The career path of a person rising from lowliness to power and influence can be mapped directly onto the rising lines of hexagram 1. By the fifth line, we have someone who has 'arrived'. Once they were a hidden dragon, but, confident in their ability, they let nothing put them off their goal in life and gradually they rose, the final stage between leaving the water and entering the clouds probably coming quickly, the kind of instant success that rarely takes into account the hard slog to get there. In the human world it would take at least a decade to 'ascend the dragon lines'.

The final sixth line of hexagram 1 is a dragon who tries to fly too high, who becomes haughty in power and his downfall is only a matter of time, commonly translated as the 'arrogant dragon'. Not a foregone conclusion, if one leaves hexagram 1 via the fifth line, the 'flying dragon', one gets to hexagram 14, 'Great possession'. Reversion inhering in the top line is avoided, power is consolidated, by a certain modesty in power that comes across as 'character'. Power can be sustained at its heights by a little deliberate lowering of oneself even when a flying dragon, rather than getting carried away on the upward surge as with the arrogant dragon. It is the difference between earning a long-term reputation as a person of standing and talent (flying dragon), in contrast to the sudden rise and fall of mediocrities enjoying 'celebrity' (arrogant dragon).

Now let us look at how one 'changes like a tiger'. The immediate difference here is that the change is not outward but inward, it is a camouflaged change that may suddenly come upon a person, without any 'ascent' necessarily being evident, as it always is with the dragon. We see the dragon's rise, it is only hidden from us for a certain time, the moment it begins to move we see it, it appears in weather omens, it forms a whirlpool from the depths, it soars like a rocket (the Chinese supersonic anti-ship FL-7 missile is the Feilong or 'Flying dragon'). But the tiger remains hidden until the very last moment, when it pounces on its prey. The fourth line of hexagram 27 pictures an earlier stage of the tiger's path: 'A tiger is watching – glaring, glaring. It is longing – pursue, pursue.' This line addresses an immense build-up of energy that hasn't found its outlet yet. One holds onto it, glaring like a tiger stalking its prey. Holding back awaiting the right moment is part of its skill. It is knowing one's power, but not being able to make a move yet. A 'crouching tiger' is a good strategic position.

Hexagram 10, 'Treading', is about treading on a tiger's tail, which may or may not bite the clumsy person. The only person who does get bitten, in the third line (a single yin line surrounded by five yang lines), is both blind and lame, hampered. Hexagram 10 arises from a change in the third line of hexagram 1, where the dragon (in the form of a man) is cautiously getting ready to soar. By following the moving line we can deduce that his caution is to avoid treading on the tiger's tail.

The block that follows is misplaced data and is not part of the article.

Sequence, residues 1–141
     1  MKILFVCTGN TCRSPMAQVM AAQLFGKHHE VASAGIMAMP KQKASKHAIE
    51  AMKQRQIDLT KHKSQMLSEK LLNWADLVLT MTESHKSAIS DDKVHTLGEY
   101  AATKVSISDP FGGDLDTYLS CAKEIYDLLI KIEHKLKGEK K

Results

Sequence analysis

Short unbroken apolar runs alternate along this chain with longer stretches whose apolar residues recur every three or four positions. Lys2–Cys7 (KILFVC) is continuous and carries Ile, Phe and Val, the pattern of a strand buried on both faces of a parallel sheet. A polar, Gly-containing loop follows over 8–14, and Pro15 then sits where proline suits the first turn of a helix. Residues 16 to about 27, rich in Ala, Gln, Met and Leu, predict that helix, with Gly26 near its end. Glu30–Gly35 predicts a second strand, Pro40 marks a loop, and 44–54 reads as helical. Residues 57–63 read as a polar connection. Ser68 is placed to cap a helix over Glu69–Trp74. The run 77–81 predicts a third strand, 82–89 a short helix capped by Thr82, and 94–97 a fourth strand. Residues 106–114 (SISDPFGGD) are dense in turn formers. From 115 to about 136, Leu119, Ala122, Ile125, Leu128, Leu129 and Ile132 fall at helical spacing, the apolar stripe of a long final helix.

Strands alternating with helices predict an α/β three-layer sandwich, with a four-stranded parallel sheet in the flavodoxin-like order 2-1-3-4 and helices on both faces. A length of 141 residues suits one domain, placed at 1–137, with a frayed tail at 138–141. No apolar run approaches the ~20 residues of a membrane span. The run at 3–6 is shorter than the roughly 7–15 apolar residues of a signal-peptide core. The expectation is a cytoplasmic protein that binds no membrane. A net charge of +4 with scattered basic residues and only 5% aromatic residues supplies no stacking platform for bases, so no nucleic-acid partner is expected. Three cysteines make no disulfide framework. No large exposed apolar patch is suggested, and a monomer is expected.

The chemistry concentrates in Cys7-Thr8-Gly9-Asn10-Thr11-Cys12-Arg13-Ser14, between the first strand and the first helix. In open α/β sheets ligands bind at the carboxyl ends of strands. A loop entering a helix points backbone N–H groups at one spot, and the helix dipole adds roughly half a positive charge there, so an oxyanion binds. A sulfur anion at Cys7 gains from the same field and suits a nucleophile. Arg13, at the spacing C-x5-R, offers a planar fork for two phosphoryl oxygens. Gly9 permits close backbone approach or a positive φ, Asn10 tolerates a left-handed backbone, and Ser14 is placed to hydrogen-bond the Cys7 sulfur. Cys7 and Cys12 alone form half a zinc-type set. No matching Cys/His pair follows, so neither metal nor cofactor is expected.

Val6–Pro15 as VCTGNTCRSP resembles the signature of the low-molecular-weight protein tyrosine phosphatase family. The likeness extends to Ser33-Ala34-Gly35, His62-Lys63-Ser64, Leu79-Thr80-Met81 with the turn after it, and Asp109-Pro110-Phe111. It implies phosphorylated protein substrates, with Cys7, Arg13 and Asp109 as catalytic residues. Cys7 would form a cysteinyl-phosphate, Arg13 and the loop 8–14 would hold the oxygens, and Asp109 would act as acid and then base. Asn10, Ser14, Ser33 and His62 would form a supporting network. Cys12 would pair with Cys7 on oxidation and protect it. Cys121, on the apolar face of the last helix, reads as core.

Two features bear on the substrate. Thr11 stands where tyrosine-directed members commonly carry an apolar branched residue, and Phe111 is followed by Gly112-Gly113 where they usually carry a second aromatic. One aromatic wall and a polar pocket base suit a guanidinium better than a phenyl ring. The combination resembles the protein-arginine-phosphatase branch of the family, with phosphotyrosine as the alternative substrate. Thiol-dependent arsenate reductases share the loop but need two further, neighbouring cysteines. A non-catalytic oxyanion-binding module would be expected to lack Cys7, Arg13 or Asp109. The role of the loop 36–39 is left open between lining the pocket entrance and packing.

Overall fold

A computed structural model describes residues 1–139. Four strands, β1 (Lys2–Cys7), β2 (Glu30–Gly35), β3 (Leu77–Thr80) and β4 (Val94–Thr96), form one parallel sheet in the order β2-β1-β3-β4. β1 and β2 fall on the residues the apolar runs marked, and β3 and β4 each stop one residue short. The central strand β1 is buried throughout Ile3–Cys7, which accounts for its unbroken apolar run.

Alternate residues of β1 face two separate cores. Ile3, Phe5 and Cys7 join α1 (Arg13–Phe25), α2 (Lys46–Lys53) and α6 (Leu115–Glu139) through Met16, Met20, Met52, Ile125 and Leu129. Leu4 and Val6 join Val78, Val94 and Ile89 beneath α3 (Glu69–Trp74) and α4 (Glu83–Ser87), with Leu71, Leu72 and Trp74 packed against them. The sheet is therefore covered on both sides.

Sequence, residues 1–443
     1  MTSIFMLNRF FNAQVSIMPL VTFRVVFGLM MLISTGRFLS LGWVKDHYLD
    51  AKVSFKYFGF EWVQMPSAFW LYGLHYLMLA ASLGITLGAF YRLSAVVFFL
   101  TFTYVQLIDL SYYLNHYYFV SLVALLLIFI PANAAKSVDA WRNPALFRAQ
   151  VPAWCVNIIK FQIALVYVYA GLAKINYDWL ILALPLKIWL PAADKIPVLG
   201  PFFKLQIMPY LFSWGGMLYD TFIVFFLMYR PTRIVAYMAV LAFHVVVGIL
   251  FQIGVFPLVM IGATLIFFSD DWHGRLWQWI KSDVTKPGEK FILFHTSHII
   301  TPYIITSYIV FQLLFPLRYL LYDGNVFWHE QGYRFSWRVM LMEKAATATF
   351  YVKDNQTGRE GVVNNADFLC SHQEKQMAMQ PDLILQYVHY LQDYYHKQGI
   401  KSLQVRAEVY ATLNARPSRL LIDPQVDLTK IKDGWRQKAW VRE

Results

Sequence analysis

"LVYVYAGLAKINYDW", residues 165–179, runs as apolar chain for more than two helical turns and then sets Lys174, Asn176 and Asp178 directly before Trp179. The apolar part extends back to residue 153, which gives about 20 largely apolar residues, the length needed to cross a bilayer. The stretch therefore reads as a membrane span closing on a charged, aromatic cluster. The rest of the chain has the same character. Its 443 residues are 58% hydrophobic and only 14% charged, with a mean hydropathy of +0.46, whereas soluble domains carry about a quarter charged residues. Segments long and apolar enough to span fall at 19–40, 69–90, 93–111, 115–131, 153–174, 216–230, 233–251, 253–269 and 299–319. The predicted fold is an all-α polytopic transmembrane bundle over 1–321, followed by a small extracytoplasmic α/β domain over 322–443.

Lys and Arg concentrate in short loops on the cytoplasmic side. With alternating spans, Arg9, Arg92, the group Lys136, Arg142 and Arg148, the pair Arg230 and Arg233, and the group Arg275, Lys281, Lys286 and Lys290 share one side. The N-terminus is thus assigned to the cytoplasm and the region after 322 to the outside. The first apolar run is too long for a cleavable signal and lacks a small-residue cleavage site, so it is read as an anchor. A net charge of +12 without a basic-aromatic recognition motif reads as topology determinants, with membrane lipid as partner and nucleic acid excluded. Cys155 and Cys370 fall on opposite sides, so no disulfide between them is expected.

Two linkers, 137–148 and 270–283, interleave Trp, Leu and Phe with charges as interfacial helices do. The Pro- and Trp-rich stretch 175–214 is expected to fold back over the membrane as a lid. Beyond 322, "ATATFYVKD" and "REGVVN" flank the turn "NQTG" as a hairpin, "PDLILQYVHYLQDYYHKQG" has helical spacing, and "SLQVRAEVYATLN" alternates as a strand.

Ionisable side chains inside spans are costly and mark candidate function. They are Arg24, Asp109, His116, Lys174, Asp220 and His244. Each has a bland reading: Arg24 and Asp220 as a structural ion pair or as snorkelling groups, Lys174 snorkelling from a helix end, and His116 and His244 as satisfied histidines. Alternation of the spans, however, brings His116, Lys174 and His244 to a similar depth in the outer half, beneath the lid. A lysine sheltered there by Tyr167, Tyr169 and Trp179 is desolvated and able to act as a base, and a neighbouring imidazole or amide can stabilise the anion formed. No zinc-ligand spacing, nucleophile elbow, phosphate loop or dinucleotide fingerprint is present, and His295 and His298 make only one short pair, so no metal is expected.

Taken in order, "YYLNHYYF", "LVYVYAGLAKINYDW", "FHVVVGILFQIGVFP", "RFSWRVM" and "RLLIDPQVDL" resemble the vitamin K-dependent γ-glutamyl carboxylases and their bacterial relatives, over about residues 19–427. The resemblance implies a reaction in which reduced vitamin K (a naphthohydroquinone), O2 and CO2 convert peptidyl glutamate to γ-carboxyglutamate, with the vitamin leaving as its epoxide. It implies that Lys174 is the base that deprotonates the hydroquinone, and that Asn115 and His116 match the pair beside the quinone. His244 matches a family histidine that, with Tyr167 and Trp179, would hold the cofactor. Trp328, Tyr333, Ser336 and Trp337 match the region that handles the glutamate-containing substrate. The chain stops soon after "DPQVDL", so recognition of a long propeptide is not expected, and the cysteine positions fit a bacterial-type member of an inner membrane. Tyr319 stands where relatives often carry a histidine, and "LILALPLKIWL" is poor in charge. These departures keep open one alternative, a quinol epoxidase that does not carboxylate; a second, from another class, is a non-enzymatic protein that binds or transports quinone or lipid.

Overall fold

It is in the fifth line of hexagram 49, 'Revolution', where we see the true power of the tiger, the full manifestation of the tiger's yin as the 'flying dragon' is the full power of the dragon's yang. Hexagram 49 depicts a full-scale revolution, which in China is regarded as 'changing the mandate of heaven'. The nationalist revolution of 1911, which finished off the Qing Dynasty and with it Imperial China, was rather boldly called 'ending the mandate of heaven'.

In hexagram 49 the change as one rises up the lines begins with talk of revolution, at first just gossip and wishes. No-one can afford to commit themselves to change on that scale on the strength of mere words. They need a human leader to emerge. The call for revolution grows stronger, the leader has not emerged but people feel safer voicing their objection to the current regime, as it feels like a growing current. Then, in the fifth line, the tiger appears. This is a person who suddenly outwardly appears from nowhere with an incredibly strong action, drawing the winds or scatterblown peoples all about him in support. It is entirely an inner change that has permitted this. This person has 'changed like a tiger', much as did King Wu when he attacked and brought down the tyrannical Shang dynasty. The man who stopped the column of tanks on Beijing's Chang'an Boulevard (Avenue of Eternal Peace) near Tiananmen Square on June 5 1989 is a good example of a person who 'changed like a tiger', squaring off to the full force of state yang while still holding his shopping.

These are the two great power pathways in the I Ching, the yin way and the yang way, the tiger way and the dragon way. For some, the dragon may stay hidden all their lives only to rise and fly after their death, as with an overlooked writer or artist who nonetheless remains convinced of their own calling. And those who change like a tiger may do so in the privacy of their own room, understanding something at last of life. Sudden enlightenment after years of meditation can also be changing like a tiger.

Luigi Scapini's metal tiger.


A note on the terms yin and yang

These days solid and broken hexagram lines are referred to as being yang and yin lines, but when the I Ching was first set down, in about the eleventh century BCE, the philosophy of yin and yang hadn't yet come into existence. That came along around the fourth century BCE. Even in the Daodejing yin and yang appear only once (in chapter 42). The earliest way of referring to solid and broken lines is to call them gang, meaning 'firm' or 'hard', and rou, 'yielding' or 'soft', respectively.

[First published in 'Kindred Spirit' 104 (May/June 2010), pp 62–64.]